8 Foolish Things Ads Taught Me About My Gender (And Yours Too)

A child runs in from the outside, clothes stained with mud or blue ink or ketchup, and stares gingerly up at the only adult in the room. The adult examines the soiled shirt with a smile, walks over to a washing-machine, and we cut to the jingle.

Feels familiar? Of course it does, you’ve seen it a hundred times. And even though the above description left out any mention of gender, chances are you filled that in yourself.

You can always count on mother to be hanging around with instant noodles, detergent, or cough syrup. Cooking, cleaning and care-work – the trifecta of women’s unpaid domestic labour – have been exalted in advertisements for as long as we’ve had TVs in our homes. And men? Well they drive and buy insurance and cause explosions and stuff.

Companies like Ariel are becoming more self-aware about the role they’ve played in perpetuating those ideas, and are now trying a different approach. Largely though, as a round-up by the Economic Times, the top ads of 2016 (between 24.6 million and 35.8 million impressions) show that not much has changed. What is marketed to men and women (and how) still shows up the gender binary for what it is – rigid. And this is what we wind up learning from it.

1: Only Guys Take Initiative

The boy who gives his cleats away so someone else can play football; the boy who beats up a puddle for his little sister; the boy who dirties his sherwani helping a street vendor – what do all these young do-gooders have in common?

Well, they’re not girls. Boys are always the stars of these heart-warming Surf-Excel ads (which included low-key mocking of Dravidians, but hey one issue at a time). The brand’s choice of not casting girls speaks volumes about the behaviours we associate with girls – and the ability to make independent decisions is not among them.

2: Taste The Testosterone, ‘Coz Girls Don’t Do Stunts

Many of us had childhoods filled with Salman Khan or Akshay Kumar taking a swig of Thums Up and then perfectly executing a difficult (and pretty much unnecessary) action sequence. My dudes, you are drinking an aerated drink, not being bitten by a radioactive spider. Calm down.

And even if this was about juicing up on adrenaline, it’s funny how wild antics and stunts only become “unrealistic” the minute you think about women doing them. “Defying Gravity” may have been sung by two women, but it’s only men who actually get to do it.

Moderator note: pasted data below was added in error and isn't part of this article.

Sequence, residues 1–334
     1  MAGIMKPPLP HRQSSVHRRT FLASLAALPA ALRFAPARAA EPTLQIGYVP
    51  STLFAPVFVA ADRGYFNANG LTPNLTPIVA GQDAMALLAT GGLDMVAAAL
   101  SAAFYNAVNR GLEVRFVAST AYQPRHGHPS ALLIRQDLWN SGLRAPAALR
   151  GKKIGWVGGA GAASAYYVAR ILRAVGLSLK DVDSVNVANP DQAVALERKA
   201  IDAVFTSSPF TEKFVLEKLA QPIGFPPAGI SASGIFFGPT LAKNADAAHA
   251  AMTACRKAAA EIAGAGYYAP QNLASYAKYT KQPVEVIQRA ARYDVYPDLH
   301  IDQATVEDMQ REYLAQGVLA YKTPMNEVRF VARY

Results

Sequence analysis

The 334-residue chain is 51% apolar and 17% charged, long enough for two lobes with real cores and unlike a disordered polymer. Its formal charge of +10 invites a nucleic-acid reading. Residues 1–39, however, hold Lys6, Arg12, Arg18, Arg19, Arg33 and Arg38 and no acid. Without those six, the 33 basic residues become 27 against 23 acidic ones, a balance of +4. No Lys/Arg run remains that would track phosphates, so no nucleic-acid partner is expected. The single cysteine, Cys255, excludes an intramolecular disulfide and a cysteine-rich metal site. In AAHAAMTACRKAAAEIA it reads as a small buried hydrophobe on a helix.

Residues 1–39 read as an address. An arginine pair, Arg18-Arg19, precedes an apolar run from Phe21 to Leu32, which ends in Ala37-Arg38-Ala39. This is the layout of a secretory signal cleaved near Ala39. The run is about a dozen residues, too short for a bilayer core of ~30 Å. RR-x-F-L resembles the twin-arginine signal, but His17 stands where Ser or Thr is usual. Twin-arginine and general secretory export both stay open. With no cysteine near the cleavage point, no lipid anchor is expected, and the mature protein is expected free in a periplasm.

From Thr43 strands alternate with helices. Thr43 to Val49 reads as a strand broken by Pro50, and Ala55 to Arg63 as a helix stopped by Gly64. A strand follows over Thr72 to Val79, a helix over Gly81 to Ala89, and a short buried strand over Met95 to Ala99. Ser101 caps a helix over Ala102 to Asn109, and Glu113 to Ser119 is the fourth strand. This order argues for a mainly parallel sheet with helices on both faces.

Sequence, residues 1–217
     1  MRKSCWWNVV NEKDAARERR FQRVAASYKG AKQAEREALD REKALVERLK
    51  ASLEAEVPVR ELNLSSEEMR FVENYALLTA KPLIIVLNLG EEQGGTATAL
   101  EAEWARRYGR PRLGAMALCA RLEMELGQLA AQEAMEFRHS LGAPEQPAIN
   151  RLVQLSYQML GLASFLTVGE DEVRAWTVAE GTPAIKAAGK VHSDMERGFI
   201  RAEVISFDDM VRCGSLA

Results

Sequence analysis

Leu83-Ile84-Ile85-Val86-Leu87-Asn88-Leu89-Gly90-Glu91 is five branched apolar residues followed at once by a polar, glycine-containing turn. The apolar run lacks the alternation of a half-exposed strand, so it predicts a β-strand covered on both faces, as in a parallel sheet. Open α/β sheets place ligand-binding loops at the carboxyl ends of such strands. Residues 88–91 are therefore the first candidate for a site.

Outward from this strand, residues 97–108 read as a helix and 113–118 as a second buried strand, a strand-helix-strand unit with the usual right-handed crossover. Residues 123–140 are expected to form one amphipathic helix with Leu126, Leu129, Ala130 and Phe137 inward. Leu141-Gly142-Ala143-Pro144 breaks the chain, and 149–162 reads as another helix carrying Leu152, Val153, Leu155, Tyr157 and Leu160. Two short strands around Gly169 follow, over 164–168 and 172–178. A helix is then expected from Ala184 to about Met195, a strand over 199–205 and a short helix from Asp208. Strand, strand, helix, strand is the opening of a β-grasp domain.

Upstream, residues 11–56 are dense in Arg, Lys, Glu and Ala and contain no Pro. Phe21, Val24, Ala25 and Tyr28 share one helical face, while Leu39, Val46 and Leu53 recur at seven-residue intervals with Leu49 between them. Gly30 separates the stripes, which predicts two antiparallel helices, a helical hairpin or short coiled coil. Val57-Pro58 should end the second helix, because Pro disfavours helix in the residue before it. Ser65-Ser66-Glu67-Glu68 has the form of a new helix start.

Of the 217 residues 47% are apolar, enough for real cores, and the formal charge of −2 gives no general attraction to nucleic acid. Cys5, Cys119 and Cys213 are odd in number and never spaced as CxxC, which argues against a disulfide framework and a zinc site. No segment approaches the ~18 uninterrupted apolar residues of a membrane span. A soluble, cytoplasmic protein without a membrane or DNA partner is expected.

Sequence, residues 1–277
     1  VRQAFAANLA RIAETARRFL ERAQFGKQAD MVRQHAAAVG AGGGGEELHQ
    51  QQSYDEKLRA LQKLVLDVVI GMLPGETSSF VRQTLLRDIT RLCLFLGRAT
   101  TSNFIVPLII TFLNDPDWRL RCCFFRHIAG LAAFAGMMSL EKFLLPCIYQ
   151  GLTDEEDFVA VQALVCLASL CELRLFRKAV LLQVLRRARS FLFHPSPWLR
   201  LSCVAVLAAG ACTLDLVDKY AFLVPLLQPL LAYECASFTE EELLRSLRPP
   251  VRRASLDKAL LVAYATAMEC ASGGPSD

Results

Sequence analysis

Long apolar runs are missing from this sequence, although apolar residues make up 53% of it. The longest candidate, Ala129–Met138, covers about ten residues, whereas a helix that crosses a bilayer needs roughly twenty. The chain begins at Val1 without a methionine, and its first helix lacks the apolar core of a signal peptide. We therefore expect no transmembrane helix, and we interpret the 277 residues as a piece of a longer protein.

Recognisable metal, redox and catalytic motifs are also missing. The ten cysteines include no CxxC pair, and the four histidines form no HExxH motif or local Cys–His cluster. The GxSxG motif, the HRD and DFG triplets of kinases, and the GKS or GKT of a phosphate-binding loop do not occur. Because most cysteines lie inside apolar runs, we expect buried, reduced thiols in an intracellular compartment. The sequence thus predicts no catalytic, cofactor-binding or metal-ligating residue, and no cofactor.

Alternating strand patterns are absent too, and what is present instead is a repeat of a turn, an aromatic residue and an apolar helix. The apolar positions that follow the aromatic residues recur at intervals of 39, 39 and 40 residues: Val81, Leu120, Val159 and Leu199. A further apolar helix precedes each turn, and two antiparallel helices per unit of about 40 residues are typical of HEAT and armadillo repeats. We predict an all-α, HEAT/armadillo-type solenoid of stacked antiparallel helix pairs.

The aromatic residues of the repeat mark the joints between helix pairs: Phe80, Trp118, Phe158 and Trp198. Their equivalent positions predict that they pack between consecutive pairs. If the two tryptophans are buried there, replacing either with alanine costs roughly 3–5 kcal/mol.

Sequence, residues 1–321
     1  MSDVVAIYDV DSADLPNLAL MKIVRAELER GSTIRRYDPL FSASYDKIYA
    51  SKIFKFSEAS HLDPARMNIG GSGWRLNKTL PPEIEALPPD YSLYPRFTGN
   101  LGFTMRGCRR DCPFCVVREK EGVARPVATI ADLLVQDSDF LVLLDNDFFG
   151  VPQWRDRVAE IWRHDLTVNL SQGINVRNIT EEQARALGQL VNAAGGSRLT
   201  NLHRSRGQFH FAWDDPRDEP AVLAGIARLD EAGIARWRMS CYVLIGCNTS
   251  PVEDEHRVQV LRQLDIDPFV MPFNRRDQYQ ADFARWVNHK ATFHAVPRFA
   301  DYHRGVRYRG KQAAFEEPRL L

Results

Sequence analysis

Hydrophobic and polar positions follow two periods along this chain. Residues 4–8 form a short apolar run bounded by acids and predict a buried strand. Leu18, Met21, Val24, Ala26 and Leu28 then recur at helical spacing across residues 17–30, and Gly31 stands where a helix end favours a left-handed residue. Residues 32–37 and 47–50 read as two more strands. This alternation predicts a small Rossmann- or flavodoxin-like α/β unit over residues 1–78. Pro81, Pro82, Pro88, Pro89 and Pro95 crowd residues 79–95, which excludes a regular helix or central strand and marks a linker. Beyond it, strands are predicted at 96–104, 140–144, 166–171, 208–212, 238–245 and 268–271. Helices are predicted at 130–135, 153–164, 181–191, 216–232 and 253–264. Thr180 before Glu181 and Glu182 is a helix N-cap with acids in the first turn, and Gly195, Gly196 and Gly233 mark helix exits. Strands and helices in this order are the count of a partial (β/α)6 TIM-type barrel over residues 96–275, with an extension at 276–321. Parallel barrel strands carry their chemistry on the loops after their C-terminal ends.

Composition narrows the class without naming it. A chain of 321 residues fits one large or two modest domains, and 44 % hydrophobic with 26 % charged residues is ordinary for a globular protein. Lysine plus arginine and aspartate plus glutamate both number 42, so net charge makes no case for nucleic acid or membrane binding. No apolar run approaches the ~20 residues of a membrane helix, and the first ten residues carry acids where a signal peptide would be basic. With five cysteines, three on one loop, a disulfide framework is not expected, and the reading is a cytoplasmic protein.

3: Girls Bathe For Your Viewing Pleasure, Instead

Lux, Liril and a couple others were The Big Bad of getting women actors to roll around in flower petals for you.

In these ads, femininity looks like a wired performance for the male-gaze. We’d love it as much as the next person to also see a guy in a bathtub with candles, gently blowing soap bubbles into the air, but apparently that’s not good enough for admakers or audiences.

Also, has there even ever been a non-sexualised bathing scene (starring a woman) since Jeanne Dielman in 1975?!

4: Beauty Is Kind Of A ‘No-Boys-Allowed’ Thing

In the last few years, Dove has been killing it with these feel-good campaigns, pulling a real Bruno Mars and telling women they’re beautiful just the way they are.

But even the most empowering ad campaign feminises beauty. The target audience is always cisgender women. If you’re male, you can look edgy, and rugged, and broody, but never pretty or beautiful, and you can never ever wear makeup. Newsflash, men, trans and non-binary people also like wearing makeup!

5: Cars Are, Like, The Combustion-Engine Of Masculinity

Ah automobiles. The 20th century breakthrough that brought many British and American women out of the house is today a ‘male’ preoccupation. Car ads typically cast men in ‘macho’ roles, adventuring, or rescuing people, or speeding (because, whatever, laws are for girls, right?).

And when there are women in the ads, it tends to look like this:

Five years since this was made, we’re still asking why.

6: Women Should Never Be Comfortable In Their Skin

A relatively new ad from Lipton is selling some very innocuous looking green tea with out and out body shaming. It’s not enough that the women in the ad are fair-skinned, upper-class, able-bodied and conventionally feminine, but they have to be punished for belly-fat. Instead of easing their minds, Shraddha Kapoor “advises” them to drop the weight. Oh, and Kapoor’s reign of terror doesn’t end here, because she’s also shaming women for their body hair!

7: Only Men Are Good With Money And Stuff

Society has cast men as earners and providers, and there’s also that pesky gender pay gap that means women don’t make as much. Which is why dads and husbands are still so central to insurance ads. All our lives, we’ve seen this in ads by SBI, HDFC, ICICI, and HDFC again with a retired husband who wants to save money by making his wife do unpaid housework so he can take her to Singapore – what even?

8: Deodorants Are Basically Spray-On Gender Roles

Axe and Wildstone are repeat offenders when it comes to unnecessarily sexualising people, but it’s worth looking at how men and women are portrayed.

Women are supposed to have fair underarms and frolic among flowers, but “it’s a men thing” to be perpetually trapped in the gym or locker room.

And who can forget how Axe truly believes in its ability to turn heterosexual women into dithering fools?

You might as well slap on some spandex and yell “By our powers combined, we are Captain Sexist Advertising“, because the messaging goes a long way in subtly reinforcing narrow gender biases. This can have a particularly negative effect on young viewers from ages 5 and up, who, picking up these subtle hints, can develop lifelong prejudices from this distorted view, reducing them to two unfinished halves of a potential whole.

And if you’re wondering why we’ve hardly mentioned trans and non-binary people – well, we’re just glad mainstream ads haven’t already descended stereotypes on them.